Interview: In The A.M.
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What got you into music, and if you had not gotten into music what would you be doing today?
Alex: Music has always been somewhat of a coping mechanism for me. Yes, I’m a songwriter and it helps me deal with a lot of trauma to write, but I’m also a music consumer. I listen to so much music and it is really my therapy. I’ve always been drawn to grungy guitars, and that rebellious sound of rock n’ roll. If I didn’t have music in my life, I’m not sure what I’d be up to or if I’d even be alive. My life seems pretty pointless without music. I’m sure I’d find something to do.
What do you like to do when you're not playing music and how does that influence your creativity?
Alex: When I’m not playing music, I watch movies. I’m a television consumer for sure. I love a well-produced film or tv show. It is an art just the same as music. Not everyone has the ability to direct camera angles, and adjust lighting correctly, and I respect the grind to reach that level of perfection, because I do the same with music and visuals.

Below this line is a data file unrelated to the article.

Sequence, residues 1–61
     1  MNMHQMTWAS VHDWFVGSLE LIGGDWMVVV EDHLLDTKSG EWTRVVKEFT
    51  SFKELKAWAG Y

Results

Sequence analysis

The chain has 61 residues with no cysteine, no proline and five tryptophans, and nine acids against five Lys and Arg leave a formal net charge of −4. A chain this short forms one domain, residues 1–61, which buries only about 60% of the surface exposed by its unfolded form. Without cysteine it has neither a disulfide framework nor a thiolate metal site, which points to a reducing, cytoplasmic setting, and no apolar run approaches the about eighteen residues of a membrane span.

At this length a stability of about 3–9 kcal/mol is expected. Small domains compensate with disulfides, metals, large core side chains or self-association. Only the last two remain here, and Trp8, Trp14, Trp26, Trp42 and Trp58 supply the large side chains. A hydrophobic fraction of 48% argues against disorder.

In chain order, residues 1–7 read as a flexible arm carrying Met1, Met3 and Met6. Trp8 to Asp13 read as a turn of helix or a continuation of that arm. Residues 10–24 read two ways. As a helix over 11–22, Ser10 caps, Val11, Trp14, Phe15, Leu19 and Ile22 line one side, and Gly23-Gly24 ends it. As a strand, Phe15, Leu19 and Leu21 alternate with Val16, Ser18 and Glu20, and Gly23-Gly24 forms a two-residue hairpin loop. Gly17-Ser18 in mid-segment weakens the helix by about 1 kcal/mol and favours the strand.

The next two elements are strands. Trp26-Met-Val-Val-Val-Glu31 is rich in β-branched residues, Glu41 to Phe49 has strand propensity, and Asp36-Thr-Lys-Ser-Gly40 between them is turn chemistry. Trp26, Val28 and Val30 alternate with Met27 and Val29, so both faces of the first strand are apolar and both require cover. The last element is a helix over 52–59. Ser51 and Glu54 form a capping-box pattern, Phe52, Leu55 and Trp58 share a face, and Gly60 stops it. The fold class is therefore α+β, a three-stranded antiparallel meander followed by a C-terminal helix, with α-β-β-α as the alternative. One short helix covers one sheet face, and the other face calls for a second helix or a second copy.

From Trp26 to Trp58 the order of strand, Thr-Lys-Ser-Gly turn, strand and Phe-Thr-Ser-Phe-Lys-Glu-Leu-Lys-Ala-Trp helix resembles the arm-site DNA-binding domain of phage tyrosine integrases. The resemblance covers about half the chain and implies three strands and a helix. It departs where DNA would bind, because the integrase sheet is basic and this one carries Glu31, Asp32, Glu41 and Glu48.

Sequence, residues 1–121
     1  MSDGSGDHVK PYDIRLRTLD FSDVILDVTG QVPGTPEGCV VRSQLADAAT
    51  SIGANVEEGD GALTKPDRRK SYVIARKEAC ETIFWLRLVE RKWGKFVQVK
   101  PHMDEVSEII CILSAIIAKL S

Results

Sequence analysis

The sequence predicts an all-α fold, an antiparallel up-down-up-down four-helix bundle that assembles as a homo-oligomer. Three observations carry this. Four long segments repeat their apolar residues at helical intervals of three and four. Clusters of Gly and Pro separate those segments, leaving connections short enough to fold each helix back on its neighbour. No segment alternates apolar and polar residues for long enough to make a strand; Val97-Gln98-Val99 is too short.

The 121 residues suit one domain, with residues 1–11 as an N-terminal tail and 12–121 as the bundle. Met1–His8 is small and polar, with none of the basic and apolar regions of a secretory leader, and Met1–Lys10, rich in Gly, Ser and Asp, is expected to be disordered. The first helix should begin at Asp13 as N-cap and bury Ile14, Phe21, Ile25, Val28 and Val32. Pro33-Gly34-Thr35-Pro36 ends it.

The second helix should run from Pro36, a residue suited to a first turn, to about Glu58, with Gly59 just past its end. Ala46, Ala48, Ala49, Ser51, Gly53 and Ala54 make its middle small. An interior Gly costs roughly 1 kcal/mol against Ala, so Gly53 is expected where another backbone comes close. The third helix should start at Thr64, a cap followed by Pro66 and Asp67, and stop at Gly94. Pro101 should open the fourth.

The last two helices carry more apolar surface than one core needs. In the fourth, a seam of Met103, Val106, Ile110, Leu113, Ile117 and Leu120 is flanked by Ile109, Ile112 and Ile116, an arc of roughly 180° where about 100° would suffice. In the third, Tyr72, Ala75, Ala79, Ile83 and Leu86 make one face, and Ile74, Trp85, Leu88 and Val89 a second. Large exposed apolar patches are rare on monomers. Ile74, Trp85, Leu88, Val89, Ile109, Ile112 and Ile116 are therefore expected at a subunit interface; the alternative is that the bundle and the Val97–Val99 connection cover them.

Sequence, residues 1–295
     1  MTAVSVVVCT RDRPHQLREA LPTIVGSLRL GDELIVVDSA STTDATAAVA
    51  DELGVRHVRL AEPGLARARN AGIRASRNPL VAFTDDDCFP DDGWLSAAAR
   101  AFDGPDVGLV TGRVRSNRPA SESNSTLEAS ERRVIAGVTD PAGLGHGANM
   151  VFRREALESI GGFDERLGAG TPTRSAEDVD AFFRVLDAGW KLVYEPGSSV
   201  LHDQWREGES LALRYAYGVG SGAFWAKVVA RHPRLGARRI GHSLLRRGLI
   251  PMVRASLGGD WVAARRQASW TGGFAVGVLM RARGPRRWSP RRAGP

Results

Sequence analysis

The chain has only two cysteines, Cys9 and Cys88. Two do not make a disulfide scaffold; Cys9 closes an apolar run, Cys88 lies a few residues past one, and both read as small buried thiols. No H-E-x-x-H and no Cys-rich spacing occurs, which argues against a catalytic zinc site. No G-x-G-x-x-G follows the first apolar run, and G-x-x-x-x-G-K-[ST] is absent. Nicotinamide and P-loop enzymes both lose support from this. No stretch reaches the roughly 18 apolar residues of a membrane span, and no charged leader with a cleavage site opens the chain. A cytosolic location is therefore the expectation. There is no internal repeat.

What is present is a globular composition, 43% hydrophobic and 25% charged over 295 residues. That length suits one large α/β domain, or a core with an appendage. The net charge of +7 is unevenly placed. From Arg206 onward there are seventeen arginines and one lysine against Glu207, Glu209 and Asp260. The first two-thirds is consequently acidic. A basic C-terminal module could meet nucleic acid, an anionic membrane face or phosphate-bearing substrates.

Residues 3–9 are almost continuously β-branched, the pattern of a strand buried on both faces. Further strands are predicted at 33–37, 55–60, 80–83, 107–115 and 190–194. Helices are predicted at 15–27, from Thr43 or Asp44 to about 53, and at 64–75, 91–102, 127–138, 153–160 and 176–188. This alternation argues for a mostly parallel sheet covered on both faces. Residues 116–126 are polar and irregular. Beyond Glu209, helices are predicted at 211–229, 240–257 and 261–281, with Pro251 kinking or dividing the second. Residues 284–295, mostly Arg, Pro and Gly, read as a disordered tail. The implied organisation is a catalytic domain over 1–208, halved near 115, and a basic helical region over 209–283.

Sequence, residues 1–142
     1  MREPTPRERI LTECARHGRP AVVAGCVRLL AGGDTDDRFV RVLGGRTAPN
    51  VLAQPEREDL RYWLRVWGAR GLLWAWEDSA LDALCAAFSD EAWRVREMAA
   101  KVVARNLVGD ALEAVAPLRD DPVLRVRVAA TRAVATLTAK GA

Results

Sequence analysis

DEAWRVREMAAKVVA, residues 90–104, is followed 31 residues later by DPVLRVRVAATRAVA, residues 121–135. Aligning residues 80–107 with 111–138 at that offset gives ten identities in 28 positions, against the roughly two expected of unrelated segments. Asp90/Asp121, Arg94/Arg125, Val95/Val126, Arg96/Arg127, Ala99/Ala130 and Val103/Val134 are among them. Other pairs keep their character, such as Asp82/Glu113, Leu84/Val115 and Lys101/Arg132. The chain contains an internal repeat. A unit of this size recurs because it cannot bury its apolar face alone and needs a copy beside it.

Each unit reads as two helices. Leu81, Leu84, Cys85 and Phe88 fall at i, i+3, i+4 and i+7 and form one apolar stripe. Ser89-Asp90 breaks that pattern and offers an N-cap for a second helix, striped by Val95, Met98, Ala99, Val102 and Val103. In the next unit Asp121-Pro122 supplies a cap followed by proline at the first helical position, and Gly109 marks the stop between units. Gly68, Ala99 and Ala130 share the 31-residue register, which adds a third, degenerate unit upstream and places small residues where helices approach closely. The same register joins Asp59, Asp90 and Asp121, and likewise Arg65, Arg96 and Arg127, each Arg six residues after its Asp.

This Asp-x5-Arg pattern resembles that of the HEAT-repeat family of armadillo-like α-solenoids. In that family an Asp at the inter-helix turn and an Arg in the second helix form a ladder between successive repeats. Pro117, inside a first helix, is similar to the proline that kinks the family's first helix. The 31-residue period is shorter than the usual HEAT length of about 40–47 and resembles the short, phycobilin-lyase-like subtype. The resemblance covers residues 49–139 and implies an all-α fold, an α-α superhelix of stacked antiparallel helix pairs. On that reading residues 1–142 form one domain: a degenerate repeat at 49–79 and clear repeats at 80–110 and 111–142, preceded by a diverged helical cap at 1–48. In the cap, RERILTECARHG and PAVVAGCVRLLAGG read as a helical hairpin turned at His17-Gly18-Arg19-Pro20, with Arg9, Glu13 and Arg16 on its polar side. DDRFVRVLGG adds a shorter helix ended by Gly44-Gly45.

How long has your band been around?
Alex: This band has been around for about 2 years now. I’ve led other music projects in the past, but this one was created with a specific intent to grow and make a mark professionally in the music industry.
Where are you based out of and how did that influence your music?
Alex: I’m based out of Indianapolis. I’ve had to be in a city to have access to the right recording engineers over the last couple of years. But I grew up in a small town and I really miss that life. I’m pretty sick of the hustle and bustle of the city. The small town influences me much more than the city ever could.
How did you come up with the name of your band and what does it mean to you.
Alex: I was looking for a name that was marketable when I came up with In The A.M. But I also wanted it to be something that had a more personal meaning behind it. I also thought it would be sick if the name was a phrase that people say a lot on a conversational basis. So In The A.M. came up in my mind. People definitely say it a lot, and it includes my first and middle initial (A.M.). So I went with it.
Tell me about the best and worst shows you have played.